In memoriam: Józef Kwaterko (1950-2023)

Following our “In Memoriam to Józef Kwaterko,” we received from our colleague and friend, Peter Klaus, professor emeritus of the Free University of Berlin (Freie Universität Berlin), an email thanking us for this tribute accompanied by a moving commentary on the life and work of Professor Kwaterko that we publish below. JJ 




Peter Klaus 

An excellent friend, a tireless researcher and a great specialist in Francophone studies, mainly Quebec and Haitian, left us suddenly.

Józef Kwaterko had more than one arrow to his bow and he still had many projects, including with Haiti, which had become one of his fields of work in recent years. 

Another striking feature: both his doctoral thesis and his habilitation thesis relate to Quebec literature, and the two books were published in French in Quebec by Nota bene publisher. The two publications already carry within them the seeds of his concerns as a researcher and teacher: the theory of discourse and the hybridity of French-language texts, especially in Quebec literature. He will have been a very attentive observer of the evolution of Quebec letters and their “internationalization” over the years, having worked a lot on the so-called “migrant writings”. He was thus able to contribute subsequently to directing the work of many doctoral students and other researchers towards this area of specialization.

For him, Quebec will have been a land of welcome (in the literal sense of the word), where he made many friends, and a living laboratory, he who knew how to create networks and make them grow.

When we scan the Mélanges offerts à Józef Kwaterko, published in 2020 under the title Déchiffrer l’Amérique (Deciphering America), we develop an idea of the universe in which Józef Kwaterko evolved. His countless publications, his teaching activities in Poland and abroad (especially in France and Quebec), the master’s and doctoral theses he had directed: a vast field.

Over the years he has woven an impressive network of researchers, colleagues and friends across borders and he has contributed to the Association des études francophones d’Europe Centre-Orientale (AEFECO), founded in 1992 in Pècs (Hungary) was able to take root both in Poland and elsewhere, as well as the AEEF (Association Européenne d’Études Francophes — European Association for Francophone Studies) which took over in 2002.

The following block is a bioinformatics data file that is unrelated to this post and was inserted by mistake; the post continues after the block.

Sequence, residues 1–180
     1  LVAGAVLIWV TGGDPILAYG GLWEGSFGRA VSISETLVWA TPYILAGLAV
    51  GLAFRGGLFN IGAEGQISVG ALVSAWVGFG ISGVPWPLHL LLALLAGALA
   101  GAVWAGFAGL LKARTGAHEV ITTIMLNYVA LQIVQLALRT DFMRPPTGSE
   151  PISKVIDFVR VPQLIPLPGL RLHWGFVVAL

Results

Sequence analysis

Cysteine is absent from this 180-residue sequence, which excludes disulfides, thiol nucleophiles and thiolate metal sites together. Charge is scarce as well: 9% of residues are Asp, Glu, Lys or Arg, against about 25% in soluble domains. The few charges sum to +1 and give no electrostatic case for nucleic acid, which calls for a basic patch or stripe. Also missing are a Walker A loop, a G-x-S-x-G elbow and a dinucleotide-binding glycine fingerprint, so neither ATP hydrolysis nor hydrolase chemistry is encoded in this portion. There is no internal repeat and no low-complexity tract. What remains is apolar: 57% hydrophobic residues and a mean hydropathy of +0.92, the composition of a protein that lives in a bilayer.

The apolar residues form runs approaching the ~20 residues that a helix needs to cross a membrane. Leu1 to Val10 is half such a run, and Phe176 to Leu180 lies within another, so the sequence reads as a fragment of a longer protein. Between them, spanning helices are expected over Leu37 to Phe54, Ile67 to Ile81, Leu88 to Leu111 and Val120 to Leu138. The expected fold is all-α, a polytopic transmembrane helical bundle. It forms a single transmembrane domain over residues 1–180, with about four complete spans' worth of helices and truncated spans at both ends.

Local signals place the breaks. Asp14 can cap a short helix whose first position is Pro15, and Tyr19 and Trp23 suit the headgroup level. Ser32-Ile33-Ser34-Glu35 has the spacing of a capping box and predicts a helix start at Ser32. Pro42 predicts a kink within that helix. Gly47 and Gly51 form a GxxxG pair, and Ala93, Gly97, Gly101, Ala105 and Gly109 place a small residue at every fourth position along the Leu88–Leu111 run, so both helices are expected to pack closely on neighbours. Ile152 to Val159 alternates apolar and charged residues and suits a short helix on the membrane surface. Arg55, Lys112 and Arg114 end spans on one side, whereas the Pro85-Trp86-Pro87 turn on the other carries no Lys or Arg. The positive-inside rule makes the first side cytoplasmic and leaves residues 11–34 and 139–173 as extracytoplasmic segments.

Józef was very proud and he was absolutely right when he mentioned the fact of having succeeded in obtaining scholarships intended for students from Haiti who subsequently came to study Poland. It was his way of showing himself to be indebted to a country in distress after the 2010 earthquake, a country which in 2004 obtained its independence thanks also to the few hundred Polish soldiers of the French army who changed sides and are subsequently settled in Haiti.

Józef the friend will have been for many of us someone demanding and generous at the same time. The author of these lines knows what he is talking about having known Józef since 1990.

Józef, very endearing as a person, very rigorous as a teacher and researcher, will have left indelible traces of his passage.

Having hosted him several times in Berlin, where he was able to refine his habilitation thesis thanks to a grant obtained by the Freie Universität and its Institute of North American Studies, our discussions also focused on Poland-Germany relations, the Nazi era and the Shoa. Welcomed in Warsaw by Józef, he planned a visit to the Yiddish theater in Warsaw as well as a stroll through the places evoking the annihilation of the Jews of Poland, he the Jew welcoming a German. Moving!

Rest in peace, dear Józef!

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